Meet Rosalía, The Spanish Singer Leading a Flamenco Reinvention
Get to know Rosalía Vila Tobella, who has made noise overseas by reviving the flamenco sound and style and is primed to become Latin music's next breakout star.
FROM Sant Esteve Sesrovires, Catalunya, Spain
SOUND OF THE STREETS Growing up outside Barcelona, Rosalía Vila Tobella discovered flamenco as it boomed from the sound systems of cars at the park near her school. “They had these tricked-out speakers, and they would open all the doors,” she remembers. At 13, she first heard legend Camarón de la Isla, marking a “before and after” moment. “Flamenco is the most honest and visceral music. You have to be sincere when you sing it. If you’re not, it doesn't work.”
PRO TIP Rosalía learned guitar and piano, and by 16 was training in flamenco song at a Barcelona conservatory, where she also studied music production. In 2017, she released her first album, an acoustic flamenco throwback called Los Angeles. The Universal Music release has charted for 67 weeks in Spain.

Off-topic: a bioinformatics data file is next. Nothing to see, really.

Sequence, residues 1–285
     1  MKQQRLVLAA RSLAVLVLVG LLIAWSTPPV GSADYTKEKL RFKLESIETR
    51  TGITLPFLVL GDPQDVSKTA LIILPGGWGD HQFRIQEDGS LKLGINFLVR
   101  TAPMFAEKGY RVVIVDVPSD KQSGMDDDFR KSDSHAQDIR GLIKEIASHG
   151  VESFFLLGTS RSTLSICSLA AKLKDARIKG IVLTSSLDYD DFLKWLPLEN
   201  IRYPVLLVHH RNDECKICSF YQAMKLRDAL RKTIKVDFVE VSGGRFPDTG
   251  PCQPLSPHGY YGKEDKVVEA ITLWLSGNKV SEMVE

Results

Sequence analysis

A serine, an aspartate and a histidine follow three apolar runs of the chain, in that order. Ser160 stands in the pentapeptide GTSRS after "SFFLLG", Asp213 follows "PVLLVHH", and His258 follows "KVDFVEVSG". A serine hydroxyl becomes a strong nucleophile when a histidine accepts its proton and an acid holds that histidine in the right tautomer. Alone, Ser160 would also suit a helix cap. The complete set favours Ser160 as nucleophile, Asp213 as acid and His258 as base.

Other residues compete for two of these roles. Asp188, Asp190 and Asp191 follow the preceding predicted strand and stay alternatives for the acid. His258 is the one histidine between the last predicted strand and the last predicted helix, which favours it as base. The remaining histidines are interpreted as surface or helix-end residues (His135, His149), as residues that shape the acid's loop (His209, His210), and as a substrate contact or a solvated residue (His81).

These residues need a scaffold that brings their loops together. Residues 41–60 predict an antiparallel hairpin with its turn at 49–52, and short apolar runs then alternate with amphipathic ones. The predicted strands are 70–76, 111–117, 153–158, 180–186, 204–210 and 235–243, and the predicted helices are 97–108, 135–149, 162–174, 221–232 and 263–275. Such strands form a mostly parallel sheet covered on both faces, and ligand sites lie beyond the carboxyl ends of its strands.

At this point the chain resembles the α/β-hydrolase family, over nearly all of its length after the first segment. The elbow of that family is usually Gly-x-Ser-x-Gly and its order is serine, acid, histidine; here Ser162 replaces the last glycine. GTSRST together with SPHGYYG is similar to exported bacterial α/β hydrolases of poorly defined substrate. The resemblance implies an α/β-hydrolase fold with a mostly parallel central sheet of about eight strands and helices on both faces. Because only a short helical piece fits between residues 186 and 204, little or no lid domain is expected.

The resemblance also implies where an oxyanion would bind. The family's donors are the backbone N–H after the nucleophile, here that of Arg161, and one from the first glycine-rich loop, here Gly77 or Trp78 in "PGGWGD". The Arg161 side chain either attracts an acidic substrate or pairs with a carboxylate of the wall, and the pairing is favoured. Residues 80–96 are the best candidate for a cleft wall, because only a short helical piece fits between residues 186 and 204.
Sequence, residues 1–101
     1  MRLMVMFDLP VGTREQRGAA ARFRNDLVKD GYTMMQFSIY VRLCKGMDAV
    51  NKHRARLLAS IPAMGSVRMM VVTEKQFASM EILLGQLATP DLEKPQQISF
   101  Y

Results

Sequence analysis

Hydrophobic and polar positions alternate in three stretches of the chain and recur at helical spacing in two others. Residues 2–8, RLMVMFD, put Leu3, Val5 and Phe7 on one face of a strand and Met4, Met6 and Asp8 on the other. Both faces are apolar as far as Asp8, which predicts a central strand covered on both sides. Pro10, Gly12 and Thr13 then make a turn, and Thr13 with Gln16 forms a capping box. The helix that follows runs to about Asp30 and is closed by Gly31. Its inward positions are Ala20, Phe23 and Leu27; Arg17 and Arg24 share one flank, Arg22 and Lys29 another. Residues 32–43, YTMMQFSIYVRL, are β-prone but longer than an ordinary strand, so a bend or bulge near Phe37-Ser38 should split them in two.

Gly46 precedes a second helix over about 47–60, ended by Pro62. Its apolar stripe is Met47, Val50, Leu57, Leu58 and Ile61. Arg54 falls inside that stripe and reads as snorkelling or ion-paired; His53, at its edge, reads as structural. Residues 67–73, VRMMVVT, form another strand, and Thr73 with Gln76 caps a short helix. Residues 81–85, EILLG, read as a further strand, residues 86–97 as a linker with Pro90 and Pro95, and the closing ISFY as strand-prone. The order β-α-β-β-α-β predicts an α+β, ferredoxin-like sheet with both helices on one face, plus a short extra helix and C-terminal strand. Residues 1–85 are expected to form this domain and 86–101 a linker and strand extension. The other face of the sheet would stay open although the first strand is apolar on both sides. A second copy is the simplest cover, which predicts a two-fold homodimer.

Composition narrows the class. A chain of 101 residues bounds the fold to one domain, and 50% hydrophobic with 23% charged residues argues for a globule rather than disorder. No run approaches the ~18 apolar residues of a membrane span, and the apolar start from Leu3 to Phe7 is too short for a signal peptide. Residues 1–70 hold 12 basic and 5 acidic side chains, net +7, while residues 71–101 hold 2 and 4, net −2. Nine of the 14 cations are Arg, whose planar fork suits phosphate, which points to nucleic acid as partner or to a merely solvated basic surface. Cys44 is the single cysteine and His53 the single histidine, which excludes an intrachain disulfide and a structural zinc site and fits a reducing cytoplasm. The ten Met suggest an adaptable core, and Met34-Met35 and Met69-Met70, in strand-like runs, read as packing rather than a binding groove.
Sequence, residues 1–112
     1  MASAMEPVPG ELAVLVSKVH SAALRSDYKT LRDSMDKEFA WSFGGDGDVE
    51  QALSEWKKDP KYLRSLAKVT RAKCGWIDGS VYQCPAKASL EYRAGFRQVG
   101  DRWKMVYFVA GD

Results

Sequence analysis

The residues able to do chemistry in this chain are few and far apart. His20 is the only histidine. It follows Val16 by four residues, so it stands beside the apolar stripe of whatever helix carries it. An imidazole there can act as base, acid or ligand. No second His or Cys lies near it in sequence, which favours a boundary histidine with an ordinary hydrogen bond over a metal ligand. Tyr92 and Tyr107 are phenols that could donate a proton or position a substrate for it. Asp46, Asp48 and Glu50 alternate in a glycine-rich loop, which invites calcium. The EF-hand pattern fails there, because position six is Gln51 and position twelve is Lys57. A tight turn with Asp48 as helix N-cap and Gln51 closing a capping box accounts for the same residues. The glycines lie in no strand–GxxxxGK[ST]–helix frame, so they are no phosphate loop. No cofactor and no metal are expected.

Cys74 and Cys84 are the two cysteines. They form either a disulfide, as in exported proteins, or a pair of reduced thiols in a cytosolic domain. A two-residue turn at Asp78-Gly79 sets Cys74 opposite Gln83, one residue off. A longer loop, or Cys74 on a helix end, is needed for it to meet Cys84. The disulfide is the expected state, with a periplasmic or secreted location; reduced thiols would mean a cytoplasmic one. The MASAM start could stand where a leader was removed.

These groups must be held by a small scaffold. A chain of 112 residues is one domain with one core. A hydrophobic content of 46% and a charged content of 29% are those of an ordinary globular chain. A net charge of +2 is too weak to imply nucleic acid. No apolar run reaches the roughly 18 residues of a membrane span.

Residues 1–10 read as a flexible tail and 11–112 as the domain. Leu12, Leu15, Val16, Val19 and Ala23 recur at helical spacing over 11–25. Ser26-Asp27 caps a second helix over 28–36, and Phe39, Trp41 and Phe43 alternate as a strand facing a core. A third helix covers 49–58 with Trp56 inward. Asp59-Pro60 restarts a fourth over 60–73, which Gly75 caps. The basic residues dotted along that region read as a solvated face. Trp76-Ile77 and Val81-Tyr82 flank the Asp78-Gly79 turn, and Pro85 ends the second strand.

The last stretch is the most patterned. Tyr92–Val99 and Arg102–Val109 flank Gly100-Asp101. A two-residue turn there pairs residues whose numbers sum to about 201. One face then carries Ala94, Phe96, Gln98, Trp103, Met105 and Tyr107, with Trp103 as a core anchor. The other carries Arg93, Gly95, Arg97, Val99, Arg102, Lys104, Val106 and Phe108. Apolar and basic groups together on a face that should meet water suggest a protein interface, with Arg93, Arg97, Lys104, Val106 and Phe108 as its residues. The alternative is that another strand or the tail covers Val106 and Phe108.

TWEAKING TRADITION “Malamente” and “Pienso en tu Mirá,” singles from her new album, El Mal Querer, out this fall on Sony Music Spain, have helped bring flamenco to a new generation. They’re a taste of what to expect from Rosalía, who collaborated with producer El Guincho (Björk), known for embracing Latin beats and wide-ranging samples, and is also working with choreographer Charm La’Donna (Kendrick Lamar). “I try to do flamenco in tune with the moment that I’m living in, here and now,” she says.
SCREEN TIME Film director Pedro Almodóvar (Volver, The Skin I Live In) cast her in a new movie expected to screen at Cannes next spring. Meanwhile, her music videos have attracted an international audience: “Malamente” racked up over 16 million views in only two months on YouTube. “It’s a lot more interesting to dig into the popular music from where I’m from than adhere to some kind of standardized global pop,” says Rosalía, who will make her Los Angeles live debut at the Hollywood Bowl with Juanes on Sept. 5. “It’s our roots that really give us our identity.”